Visually, the film is largely top-notch. The holograms floating around buildings are a weird touch that do not really work all that much, but otherwise, the film is incredibly gorgeous. Though perhaps not strictly necessary, Major splashing into a room through an all-glass window to kick some ass is a seriously stunning image. This neon-lit visual behemoth has been defended as a good film because of its visuals and it is hard to not see why that is the case. For those who value visuals above all else, Ghost in the Shell certainly delivers that in spades. Perhaps the highlight is a shot of a group of people on a boat in a pinkish blue light floating by on the water with the city skyline in the background. It is perhaps director Rupert Sanders' most inspired moment in the film. As a whole, much has been said about the film's visuals and it is hard to not praise them. There is a lot of neon in this film and, as always, it is a lot of different kinds of pretty. At some point, neon will not look so good, but that time is not yet. The incredible production design goes hand-in-hand with the great effects as the skyline and set pieces consistently deliver the goods with intricate designs that really turn into eye candy. The highlight there being the excellent sequence in which Major goes into the mind of one of the companion robots to see the infection it had. Dimly lit with winding tunnels, the design and visuals of the moment are more low-key than this film will be remembered for, but are nonetheless excellently put together.
That said, what really entices me to love this film is Clint Mansell. Perhaps one of the best composers working in Hollywood right now with The Fountain being his crowning achievement. His score in Ghost in the Shell sounds similar at times, especially with the awe-inspiring and hopeful beginning of this film as the robot form of Major rises out of a pool of liquid to be completed. The score hits some beautiful notes in that moment that both stand out on their own and greatly benefits that sequence, which is exactly what a score should do. Setting the tone and the scene perfectly throughout, Mansell's rapturous score meshes beautifully with the excellent visuals and effects that goes to solidify Ghost in the Shell as a technical masterpiece but a structural failure.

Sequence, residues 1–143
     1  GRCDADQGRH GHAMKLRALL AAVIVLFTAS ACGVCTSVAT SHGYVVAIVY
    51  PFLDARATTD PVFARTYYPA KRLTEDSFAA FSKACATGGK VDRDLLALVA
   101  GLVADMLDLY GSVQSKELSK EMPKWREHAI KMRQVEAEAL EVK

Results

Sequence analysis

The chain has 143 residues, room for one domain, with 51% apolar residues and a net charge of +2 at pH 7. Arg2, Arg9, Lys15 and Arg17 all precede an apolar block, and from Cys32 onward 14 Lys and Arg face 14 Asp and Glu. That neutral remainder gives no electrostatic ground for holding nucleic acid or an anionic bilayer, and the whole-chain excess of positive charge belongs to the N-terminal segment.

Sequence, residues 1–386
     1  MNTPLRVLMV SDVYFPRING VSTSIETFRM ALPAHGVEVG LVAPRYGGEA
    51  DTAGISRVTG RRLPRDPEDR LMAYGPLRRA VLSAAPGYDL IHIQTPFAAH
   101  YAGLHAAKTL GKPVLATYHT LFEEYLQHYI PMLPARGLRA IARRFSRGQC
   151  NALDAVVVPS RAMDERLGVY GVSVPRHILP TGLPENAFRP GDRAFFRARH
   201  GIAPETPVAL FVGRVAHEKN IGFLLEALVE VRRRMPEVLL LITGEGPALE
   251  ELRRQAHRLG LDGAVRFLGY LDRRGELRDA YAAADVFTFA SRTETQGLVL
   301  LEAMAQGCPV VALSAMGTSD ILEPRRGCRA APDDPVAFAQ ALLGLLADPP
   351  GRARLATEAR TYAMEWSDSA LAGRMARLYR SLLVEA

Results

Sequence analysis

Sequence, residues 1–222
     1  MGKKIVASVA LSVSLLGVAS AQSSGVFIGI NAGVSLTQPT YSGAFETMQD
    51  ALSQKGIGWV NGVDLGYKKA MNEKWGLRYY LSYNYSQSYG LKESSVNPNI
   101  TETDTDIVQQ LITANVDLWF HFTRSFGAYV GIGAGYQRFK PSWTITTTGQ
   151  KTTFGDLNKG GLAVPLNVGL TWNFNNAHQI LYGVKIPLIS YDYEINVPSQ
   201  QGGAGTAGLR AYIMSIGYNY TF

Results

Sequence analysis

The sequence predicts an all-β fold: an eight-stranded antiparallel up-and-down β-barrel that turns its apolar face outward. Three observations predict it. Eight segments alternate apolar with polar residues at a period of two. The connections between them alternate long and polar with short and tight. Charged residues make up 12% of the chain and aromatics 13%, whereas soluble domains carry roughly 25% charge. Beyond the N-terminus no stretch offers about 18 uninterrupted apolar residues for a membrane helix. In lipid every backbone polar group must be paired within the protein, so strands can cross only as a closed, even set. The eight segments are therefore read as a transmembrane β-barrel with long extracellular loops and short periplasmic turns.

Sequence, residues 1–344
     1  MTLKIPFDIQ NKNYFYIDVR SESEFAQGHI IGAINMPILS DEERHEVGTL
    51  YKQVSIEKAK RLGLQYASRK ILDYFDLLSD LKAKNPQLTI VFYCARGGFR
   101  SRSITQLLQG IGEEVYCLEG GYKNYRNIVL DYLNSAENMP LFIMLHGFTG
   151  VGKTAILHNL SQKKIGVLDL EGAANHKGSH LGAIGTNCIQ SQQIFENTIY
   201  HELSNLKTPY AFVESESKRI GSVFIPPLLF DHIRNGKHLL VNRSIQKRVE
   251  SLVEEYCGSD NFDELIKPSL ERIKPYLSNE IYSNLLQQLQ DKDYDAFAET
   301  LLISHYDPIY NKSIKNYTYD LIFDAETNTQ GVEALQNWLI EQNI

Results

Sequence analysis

Beautiful visuals and an excellent Clint Mansell score notwithstanding, however, Rupert Sanders' Ghost in the Shell drops the ball. With horrifically paper-thin writing, disposable characters, bad and generic dialogue, shoddy editing that rushes through the rising action and climax, and iffy acting from Scarlett Johansson, there is not much to praise about this film beyond its visuals and score. Hinting at deeper ideas about identity and the dangers regarding artificial intelligence as it begins to mesh with humanity, Ghost in the Shell drops everything in the name of rushing through its finale with cliches abounding. Predictable, dull, and the very definition of shallow entertainment, Ghost in the Shell should have stayed in its shell.